Søren Kragh Moestrup

Antibody-Directed Glucocorticoid Targeting to CD163 in M2-type Macrophages Attenuates Fructose-Induced Liver Inflammatory Changes

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Increased consumption of high-caloric carbohydrates contributes substantially to endemic non-alcoholic fatty liver disease in humans, covering a histological spectrum from fatty liver to steatohepatitis. Hypercaloric intake and lipogenetic effects of fructose and endotoxin-driven activation of liver macrophages are suggested to be essential to disease progression. In the present study, we show that a low dose of an anti-CD163-IgG-dexamethasone conjugate targeting the hemoglobin scavenger receptor CD163 in Kupffer cells and other M2-type macrophages has a profound effect on liver inflammatory changes in rats on a high-fructose diet. The diet induced severe non-alcoholic steatohepatitis (NASH)-like changes within a few weeks but the antibody-drug conjugate strongly reduced inflammation, hepatocyte ballooning, fibrosis, and glycogen deposition. Non-conjugated dexamethasone or dexamethasone conjugated to a control IgG did not have this effect but instead exacerbated liver lipid accumulation. The low-dose anti-CD163-IgG-dexamethasone conjugate displayed no apparent systemic side effects. In conclusion, macrophage targeting by antibody-directed anti-inflammatory low-dose glucocorticoid therapy seems to be a promising approach for safe treatment of fructose-induced liver inflammation.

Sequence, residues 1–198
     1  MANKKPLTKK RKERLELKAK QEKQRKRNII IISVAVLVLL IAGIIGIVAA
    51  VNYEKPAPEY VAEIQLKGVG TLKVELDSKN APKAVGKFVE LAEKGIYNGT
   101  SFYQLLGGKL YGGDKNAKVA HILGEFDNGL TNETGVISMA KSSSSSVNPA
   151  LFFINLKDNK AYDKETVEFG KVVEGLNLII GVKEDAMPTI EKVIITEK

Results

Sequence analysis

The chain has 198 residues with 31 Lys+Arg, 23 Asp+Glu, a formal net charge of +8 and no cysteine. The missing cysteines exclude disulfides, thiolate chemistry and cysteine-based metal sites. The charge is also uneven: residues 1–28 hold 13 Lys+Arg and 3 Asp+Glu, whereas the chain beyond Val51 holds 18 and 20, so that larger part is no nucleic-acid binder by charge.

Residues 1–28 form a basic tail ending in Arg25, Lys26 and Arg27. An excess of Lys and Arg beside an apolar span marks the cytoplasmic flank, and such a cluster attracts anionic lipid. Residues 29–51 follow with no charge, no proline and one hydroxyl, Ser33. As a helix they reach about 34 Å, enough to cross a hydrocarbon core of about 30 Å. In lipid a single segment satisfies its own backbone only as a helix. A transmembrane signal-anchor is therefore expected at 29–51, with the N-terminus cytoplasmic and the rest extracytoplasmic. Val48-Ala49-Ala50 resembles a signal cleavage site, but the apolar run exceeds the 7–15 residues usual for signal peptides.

Original languageEnglish
JournalMolecular therapy. Methods & clinical development
Pages (from-to)50-61
Number of pages12
Publication statusPublished - 17 Mar 2017

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